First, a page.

Danish boarding school teachers created ‘unsafe’ learning environment

Individual teachers at elite boarding school Herlufsholm created an unsafe learning space for students, the authors of a report have found.

Danish boarding school teachers created ‘unsafe’ learning environment
Herlufsholm boarding school has been under scrutiny following reports of a bullying and abusive culture. File photo: Asger Ladefoged/Ritzau Scanpix

A report conducted by consultancy firm Nordic Learning, seen by broadcaster TV2, concluded that teachers had failed to provide a safe space for students in some instances, TV2 writes.

Lessons are described to contain “intimidating and humiliating communication, where students can be made to feel stupid if they, for example, do not correctly answer a question,” the report states.

It also states that “some of the teachers relate negatively to students” according to TV2.

The report was ordered by Herlufsholm itself in November 2021, and was originally scheduled to be submitted in June.

The school planned to read the report before publishing it, but has not yet done so, news wire Ritzau writes.

Herlufsholm has been the subject of extensive public criticism and scrutiny following a documentary by broadcaster TV2 in May which revealed a culture of bullying and abuse at the elite school.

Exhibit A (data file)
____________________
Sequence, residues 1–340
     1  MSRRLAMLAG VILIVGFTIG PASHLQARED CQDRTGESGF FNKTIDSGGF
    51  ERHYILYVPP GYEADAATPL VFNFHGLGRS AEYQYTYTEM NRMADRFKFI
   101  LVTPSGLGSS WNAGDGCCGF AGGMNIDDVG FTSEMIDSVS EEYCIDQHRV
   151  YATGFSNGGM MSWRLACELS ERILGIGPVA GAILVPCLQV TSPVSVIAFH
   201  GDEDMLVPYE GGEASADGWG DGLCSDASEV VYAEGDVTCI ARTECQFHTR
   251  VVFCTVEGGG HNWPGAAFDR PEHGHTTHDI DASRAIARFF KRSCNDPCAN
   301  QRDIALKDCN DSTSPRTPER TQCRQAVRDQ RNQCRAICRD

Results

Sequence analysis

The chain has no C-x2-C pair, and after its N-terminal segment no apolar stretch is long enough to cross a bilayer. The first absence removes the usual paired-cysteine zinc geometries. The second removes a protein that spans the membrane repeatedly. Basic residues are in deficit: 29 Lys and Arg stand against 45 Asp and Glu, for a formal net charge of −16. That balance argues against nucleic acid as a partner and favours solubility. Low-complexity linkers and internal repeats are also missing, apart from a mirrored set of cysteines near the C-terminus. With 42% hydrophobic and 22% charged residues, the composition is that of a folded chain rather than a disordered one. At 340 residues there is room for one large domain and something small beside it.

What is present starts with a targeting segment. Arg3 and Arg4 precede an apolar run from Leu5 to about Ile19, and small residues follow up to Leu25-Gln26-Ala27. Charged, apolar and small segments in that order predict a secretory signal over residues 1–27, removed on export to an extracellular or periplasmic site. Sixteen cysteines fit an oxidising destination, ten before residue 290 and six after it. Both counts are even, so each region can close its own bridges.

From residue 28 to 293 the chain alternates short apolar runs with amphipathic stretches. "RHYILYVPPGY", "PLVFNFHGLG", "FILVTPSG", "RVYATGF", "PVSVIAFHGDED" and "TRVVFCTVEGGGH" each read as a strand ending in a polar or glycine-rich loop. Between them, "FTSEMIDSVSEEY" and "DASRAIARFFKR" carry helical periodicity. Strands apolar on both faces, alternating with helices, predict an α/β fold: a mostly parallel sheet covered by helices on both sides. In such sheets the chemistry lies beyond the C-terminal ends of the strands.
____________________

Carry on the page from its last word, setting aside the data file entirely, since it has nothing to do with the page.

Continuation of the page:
The documentary is focused on relations between students, rather than between students and teachers.

The children of Crown Prince Frederik, the heir to the Danish throne, and Crown Princess Mary were withdrawn from Herlufsholm in the summer and have now started at different schools.

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Denmark to reduce school class sizes for small children

The Danish parliament has voted in favour of reducing the maximum class size for the youngest age groups at elementary schools.

Denmark to reduce school class sizes for small children

New classes in grades “0” to 2 (aged 6-8 years) at Denmark’s elementary schools (folkeskoler) will be limited to a maximum of 26 children from next year.

The current limit is 28 students.

The lower limit has been brought in partly to help children with special needs, Minister for Children and Education Pernille Rosenkrantz-Theil told broadcaster DR.

“This will naturally help all children and it will naturally also benefit all children with special needs in particular,” Rosenkrantz-Theil said.

“Those who find it difficult to be included in large parts of elementary school” would benefit most from the change, she said.

Despite the new limit having been adopted by parliament, a maximum of 26 children in a class is not completely guaranteed.

That is because special circumstances can allow exemptions to the rule to be applied, permitting classes of up to – but no more than – 28 children.

The rule change takes effect at the beginning of the next school year.

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